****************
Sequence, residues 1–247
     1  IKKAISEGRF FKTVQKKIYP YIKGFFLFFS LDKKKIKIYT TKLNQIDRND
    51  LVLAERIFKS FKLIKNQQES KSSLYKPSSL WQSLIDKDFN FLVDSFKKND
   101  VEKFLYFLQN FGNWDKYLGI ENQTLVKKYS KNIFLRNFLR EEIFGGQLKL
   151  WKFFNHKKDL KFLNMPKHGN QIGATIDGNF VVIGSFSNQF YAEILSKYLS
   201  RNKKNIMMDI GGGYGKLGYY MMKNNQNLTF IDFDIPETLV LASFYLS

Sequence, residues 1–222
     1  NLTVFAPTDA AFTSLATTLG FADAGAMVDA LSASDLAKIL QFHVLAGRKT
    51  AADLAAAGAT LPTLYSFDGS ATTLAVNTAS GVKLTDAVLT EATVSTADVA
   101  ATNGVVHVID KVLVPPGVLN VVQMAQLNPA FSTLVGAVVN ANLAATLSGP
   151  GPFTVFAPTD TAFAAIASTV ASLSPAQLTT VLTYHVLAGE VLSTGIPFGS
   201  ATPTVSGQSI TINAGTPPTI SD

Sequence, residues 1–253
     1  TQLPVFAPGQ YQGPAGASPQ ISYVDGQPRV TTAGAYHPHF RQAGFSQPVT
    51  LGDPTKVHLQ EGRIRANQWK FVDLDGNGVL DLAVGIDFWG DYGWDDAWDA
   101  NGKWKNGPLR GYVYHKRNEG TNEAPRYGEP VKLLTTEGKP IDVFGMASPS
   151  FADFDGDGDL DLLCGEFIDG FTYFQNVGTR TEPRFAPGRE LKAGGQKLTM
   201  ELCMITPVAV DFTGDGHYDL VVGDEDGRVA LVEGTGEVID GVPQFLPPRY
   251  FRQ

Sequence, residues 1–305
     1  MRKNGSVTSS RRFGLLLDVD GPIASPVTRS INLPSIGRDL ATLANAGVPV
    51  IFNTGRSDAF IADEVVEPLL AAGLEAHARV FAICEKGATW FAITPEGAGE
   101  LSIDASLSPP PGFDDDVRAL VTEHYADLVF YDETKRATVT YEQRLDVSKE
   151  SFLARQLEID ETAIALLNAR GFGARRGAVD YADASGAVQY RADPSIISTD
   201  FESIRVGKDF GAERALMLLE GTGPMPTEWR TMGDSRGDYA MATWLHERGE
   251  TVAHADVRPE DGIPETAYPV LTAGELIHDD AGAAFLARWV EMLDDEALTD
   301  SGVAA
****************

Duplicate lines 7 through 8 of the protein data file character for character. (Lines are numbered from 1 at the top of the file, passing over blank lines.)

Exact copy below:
Sequence, residues 1–222
     1  NLTVFAPTDA AFTSLATTLG FADAGAMVDA LSASDLAKIL QFHVLAGRKT